Make space for Makerspace
What would you do if you could create anything?
If you could wake up with a concept in your mind and hold a prototype in your hands before lunch. A place where you could unleash your creative side and go all-out. If there were no steps between thinking of something and making it reality. Well, I suppose then we would all live in a much more creative world. We could reconnect with our inner children – those silly, creative and wonderful beings that actually explored beyond the edge of a smartphone and were fascinated by every little thing.
Sadly, such a place does not exist. There are places, however, that are pretty damn close. Workshops have sprung up in most major cities: we know them as hackerspaces, fab-labs and co. Chances are, in fact, that the next one is closer than you think. Now, the path from conception to creation here is far from smooth; there are barriers to every creative process. But for many people, the greatest barrier is simply pushing themselves out of their comfort zone.
Here in Munich we have several of these workshops, such as the Maker Lab or smaller Erfindergarten. The most famous and possibly also largest one is the Makerspace in Garching, which I will be writing about today. The Makerspace is stuffed to the gills with state-of-the-art machines and tools to meet your every creative need. It’s been up and running since July 2015 and has fostered many innovators, most notably team WARR that won Elon Musk’s Hyperloop challenge in February 2017. As an additional bonus, tours are free and they have a delicious café right next door.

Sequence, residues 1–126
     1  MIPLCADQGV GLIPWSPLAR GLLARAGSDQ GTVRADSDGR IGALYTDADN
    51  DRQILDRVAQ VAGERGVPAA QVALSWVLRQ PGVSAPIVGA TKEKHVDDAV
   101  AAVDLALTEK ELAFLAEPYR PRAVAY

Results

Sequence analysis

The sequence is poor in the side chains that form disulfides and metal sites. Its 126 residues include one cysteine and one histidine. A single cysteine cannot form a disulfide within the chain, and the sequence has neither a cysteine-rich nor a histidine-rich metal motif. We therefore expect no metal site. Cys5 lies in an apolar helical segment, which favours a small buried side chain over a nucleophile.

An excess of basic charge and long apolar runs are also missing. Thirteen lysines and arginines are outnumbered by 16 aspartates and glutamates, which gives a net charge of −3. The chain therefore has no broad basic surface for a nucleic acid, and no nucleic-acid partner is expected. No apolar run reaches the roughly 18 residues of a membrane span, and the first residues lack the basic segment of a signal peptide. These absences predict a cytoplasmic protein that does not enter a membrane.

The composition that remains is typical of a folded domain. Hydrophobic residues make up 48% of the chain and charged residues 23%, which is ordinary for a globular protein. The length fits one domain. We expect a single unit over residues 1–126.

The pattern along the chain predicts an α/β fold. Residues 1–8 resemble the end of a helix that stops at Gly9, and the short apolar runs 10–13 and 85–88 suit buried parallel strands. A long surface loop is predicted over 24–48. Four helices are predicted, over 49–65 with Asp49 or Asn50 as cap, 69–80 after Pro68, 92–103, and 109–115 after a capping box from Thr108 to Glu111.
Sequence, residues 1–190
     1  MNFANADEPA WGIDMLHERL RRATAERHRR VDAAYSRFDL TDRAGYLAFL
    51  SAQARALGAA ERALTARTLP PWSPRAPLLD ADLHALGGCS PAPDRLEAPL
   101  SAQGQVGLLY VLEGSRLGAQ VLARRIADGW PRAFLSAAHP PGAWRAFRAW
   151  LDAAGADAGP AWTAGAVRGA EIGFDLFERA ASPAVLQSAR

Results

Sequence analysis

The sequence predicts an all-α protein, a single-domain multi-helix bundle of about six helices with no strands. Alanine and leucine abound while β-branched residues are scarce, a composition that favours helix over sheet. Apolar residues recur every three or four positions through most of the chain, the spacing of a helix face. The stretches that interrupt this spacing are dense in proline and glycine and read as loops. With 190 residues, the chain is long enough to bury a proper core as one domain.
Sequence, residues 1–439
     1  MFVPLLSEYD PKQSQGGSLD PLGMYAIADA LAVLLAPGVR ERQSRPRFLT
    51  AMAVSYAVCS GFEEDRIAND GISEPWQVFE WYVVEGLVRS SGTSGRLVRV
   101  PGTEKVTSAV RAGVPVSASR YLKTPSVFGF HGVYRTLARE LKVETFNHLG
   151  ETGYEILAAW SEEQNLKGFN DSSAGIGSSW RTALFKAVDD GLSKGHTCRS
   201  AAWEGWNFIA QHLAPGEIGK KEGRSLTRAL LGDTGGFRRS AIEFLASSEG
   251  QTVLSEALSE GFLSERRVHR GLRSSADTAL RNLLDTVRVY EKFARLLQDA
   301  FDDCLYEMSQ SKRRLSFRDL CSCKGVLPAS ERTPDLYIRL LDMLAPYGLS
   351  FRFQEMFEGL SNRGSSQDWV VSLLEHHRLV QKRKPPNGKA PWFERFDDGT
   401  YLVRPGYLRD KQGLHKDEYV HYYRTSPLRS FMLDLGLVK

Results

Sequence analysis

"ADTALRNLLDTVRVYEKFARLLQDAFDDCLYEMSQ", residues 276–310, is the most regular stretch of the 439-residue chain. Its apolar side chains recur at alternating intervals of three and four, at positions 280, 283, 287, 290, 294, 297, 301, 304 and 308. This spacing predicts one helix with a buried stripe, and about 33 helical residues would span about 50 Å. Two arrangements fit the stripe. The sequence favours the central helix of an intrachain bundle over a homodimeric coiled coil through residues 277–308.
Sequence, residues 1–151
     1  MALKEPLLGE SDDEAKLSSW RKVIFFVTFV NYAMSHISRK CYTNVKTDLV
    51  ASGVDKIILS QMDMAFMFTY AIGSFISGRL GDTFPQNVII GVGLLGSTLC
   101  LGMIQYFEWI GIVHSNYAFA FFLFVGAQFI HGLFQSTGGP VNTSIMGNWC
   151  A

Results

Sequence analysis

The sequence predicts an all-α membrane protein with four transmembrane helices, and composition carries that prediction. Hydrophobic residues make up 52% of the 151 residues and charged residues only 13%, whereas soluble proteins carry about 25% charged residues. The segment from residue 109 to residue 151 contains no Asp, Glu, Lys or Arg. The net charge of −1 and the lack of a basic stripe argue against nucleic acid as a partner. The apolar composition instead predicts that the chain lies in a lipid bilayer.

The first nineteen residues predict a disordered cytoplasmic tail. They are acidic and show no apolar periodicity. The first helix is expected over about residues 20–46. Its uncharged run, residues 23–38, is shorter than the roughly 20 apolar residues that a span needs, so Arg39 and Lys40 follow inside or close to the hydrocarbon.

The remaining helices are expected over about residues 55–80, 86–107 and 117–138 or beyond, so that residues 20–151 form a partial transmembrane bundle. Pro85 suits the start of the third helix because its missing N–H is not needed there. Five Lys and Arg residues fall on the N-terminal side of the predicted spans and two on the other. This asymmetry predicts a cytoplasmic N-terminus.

The front area of the huge 1500m² workshop is comprised of machines such as laser cutters, 3D printers, electric circuit mills and precision welders for electronics. This is where you would go to build anything from a walking coffee machine to modifying your microwave show you today’s weather. Hell, you could even 3D-print yourself, if you get the scan right.
The real heavy industry stuff starts when you pass the doors into the back workshop: a water precision cutter with 4000 bars of pressure, separate welding, sanding and painting rooms, and even a private workshop for woodwork. The only thing it seems they don’t have, is a warehouse for raw materials. Everyone has to bring those themselves. The back end is also where the TUM racing team have a prototype on display – it’s so light you can lift it with one hand.
But for all that techy stuff, it’s good to see they also have a small kitchen and common area for people chat and get to know each other. Perhaps more important than the tools used to make stuff are the actual makers themselves. The people here are on fire for their visions and passionate about what they do. Giving them a place to network, exchange ideas and meet experts in their field is what boosts creativity and productivity.
So, how can you get access? Membership is available for a monthly fee, but there are many deals to choose from. The cheapest offer currently costs less than a cup of coffee a day, and grants you access to the front workshop. But what should you do once you’re there, and where should you start? No-one expects you to know how to operate all these machines, which is why the Makerspace offers all necessary courses at an additional price.
Perhaps one day you’ll find yourself here working on the tech of tomorrow, or maybe just unleashing your inner child. It’s certainly a nice day-trip if you’re looking for inspiration. Just before the end of my tour I managed to sneak in a few close-up shots of some prototypes they have lying around. Feel free to help yourself to those in the gallery! In that sense, may we meet and make again!
Free tours are given daily at 9, 12 ,15, 18 and 21 o’clock, and last about an hour. Makerspace Website